It also represents the first credible challenge to NVIDIA on this front since the GPU-maker got into the HPC business in 2006. Whichever company is more successful at delivering HPC on a chip, the big winners will be the users themselves, who will soon have two vendors offering accelerator cards with over a teraflop of double precision performance. At a few thousand dollars per teraflop, supercomputing has never been so accessible.

Subscribe to HPCwire's Weekly Update!

Be the most informed person in the room! Stay ahead of the tech trends with industy updates delivered to you every week!

At Long Last, Supercomputing Helps to Map the Poles

August 22, 2019

“For years,” Paul Morin wrote, “those of us that made maps of the Poles apologized. We apologized for the blank spaces on maps, we apologized for mountains being in the wrong place and out-of-date information.” Read more…

By Oliver Peckham

Xilinx Says Its New FPGA is World’s Largest

August 21, 2019

In this age of exploding “technology disaggregation” – in which the Big Bang emanating from the Intel x86 CPU has produced significant advances in CPU chips and a raft of alternative, accelerated architectures... Read more…

By Doug Black

Supercomputers Generate Universes to Illuminate Galactic Formation

August 20, 2019

With advanced imaging and satellite technologies, it’s easier than ever to see a galaxy – but understanding how they form (a process that can take billions of years) is a different story. Now, a team of researchers f Read more…

By Oliver Peckham

AWS Solution Channel

Efficiency and Cost-Optimization for HPC Workloads – AWS Batch and Amazon EC2 Spot Instances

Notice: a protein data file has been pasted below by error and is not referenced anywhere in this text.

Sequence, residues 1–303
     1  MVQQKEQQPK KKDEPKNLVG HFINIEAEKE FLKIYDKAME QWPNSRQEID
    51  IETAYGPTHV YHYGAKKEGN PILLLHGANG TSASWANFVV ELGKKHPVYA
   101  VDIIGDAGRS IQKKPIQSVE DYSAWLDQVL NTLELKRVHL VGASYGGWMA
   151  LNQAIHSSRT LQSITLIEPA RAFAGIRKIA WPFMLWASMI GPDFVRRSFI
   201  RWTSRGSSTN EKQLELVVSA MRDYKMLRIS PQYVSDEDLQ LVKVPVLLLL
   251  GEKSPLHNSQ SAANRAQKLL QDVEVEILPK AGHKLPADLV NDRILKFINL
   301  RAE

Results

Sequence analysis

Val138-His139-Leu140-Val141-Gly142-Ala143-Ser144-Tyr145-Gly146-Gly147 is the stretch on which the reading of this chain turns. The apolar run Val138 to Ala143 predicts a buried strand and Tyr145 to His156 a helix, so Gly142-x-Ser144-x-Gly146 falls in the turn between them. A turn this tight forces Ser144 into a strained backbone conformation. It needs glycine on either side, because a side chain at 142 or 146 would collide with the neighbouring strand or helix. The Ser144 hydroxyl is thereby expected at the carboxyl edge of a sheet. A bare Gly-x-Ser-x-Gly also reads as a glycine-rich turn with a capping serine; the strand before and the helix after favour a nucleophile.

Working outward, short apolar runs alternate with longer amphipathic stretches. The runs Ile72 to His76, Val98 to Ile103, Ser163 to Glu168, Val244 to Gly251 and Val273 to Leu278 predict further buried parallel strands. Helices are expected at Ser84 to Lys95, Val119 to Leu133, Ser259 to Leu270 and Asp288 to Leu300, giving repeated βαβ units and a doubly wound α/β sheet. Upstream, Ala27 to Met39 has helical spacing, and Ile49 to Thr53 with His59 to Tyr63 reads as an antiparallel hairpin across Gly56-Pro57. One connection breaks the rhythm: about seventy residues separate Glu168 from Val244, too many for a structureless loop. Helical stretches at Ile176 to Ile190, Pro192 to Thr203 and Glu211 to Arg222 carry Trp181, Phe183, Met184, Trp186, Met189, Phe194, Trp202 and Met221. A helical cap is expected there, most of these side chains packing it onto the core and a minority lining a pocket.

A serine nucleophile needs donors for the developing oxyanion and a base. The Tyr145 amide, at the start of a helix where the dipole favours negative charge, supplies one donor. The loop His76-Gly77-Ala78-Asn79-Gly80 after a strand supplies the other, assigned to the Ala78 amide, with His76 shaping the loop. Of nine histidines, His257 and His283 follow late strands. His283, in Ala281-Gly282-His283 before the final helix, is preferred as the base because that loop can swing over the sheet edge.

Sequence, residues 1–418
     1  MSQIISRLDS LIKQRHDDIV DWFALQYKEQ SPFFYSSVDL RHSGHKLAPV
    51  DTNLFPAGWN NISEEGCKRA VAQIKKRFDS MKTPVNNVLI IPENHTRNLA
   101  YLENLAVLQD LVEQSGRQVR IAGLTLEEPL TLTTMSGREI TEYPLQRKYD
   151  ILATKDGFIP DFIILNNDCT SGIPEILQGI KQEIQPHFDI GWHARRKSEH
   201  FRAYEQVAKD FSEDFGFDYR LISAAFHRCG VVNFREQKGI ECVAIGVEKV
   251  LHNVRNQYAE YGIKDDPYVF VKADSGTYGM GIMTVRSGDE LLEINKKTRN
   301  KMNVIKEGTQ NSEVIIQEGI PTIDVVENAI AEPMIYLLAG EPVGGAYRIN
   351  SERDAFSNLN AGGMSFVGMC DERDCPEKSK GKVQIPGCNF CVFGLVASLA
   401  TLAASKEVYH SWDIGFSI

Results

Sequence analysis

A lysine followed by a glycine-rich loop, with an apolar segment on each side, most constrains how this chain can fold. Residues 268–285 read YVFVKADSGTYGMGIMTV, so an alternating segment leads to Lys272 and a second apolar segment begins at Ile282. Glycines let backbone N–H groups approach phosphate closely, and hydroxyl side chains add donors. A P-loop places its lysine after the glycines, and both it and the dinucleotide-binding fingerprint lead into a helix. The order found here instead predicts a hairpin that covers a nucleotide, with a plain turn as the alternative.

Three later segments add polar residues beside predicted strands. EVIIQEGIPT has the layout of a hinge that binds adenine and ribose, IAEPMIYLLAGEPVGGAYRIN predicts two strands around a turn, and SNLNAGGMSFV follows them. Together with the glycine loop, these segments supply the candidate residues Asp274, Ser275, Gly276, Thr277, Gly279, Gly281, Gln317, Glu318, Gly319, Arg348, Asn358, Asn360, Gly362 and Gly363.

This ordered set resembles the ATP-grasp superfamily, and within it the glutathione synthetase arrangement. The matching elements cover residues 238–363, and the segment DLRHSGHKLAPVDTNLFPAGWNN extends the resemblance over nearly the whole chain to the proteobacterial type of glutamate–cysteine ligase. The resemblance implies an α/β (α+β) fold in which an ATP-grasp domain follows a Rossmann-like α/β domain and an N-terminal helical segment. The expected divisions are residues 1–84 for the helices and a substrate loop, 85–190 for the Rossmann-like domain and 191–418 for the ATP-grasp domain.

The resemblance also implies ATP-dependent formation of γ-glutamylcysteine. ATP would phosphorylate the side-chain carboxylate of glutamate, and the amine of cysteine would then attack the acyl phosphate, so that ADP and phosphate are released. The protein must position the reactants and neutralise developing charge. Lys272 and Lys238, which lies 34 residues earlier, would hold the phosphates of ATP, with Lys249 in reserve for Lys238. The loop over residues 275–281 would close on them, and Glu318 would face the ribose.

High Performance Computing on AWS leverages the power of cloud computing and the extreme scale it offers to achieve optimal HPC price/performance. With AWS you can right size your services to meet exactly the capacity requirements you need without having to overprovision or compromise capacity. Read more…

HPE Extreme Performance Solutions

Bring the combined power of HPC and AI to your business transformation

FPGA (Field Programmable Gate Array) acceleration cards are not new, as they’ve been commercially available since 1984. Typically, the emphasis around FPGAs has centered on the fact that they’re programmable accelerators, and that they can truly offer workload specific hardware acceleration solutions without requiring custom silicon. Read more…

IBM Accelerated Insights

Keys to Attracting the Newest HPC Talent – Post-Millennials

[Connect with HPC users and learn new skills in the IBM Spectrum LSF User Community.]

For engineers and scientists growing up in the 80s, the current state of HPC makes perfect sense. Read more…

Singularity Moves Up the Container Value Chain

August 20, 2019

The enterprise version of the Singularity HPC container platform released this week by Sylabs is designed to allow users to create, secure and share the high-end containers in self-hosted production deployments. The e Read more…

By George Leopold

At Long Last, Supercomputing Helps to Map the Poles

August 22, 2019

“For years,” Paul Morin wrote, “those of us that made maps of the Poles apologized. We apologized for the blank spaces on maps, we apologized for mountains being in the wrong place and out-of-date information.” Read more…

By Oliver Peckham

IBM Deepens Plunge into Open Source; OpenPOWER to Join Linux Foundation

August 20, 2019

IBM today announced it was contributing the instruction set (ISA) for its Power microprocessor and the designs for the Open Coherent Accelerator Processor Inter Read more…

By John Russell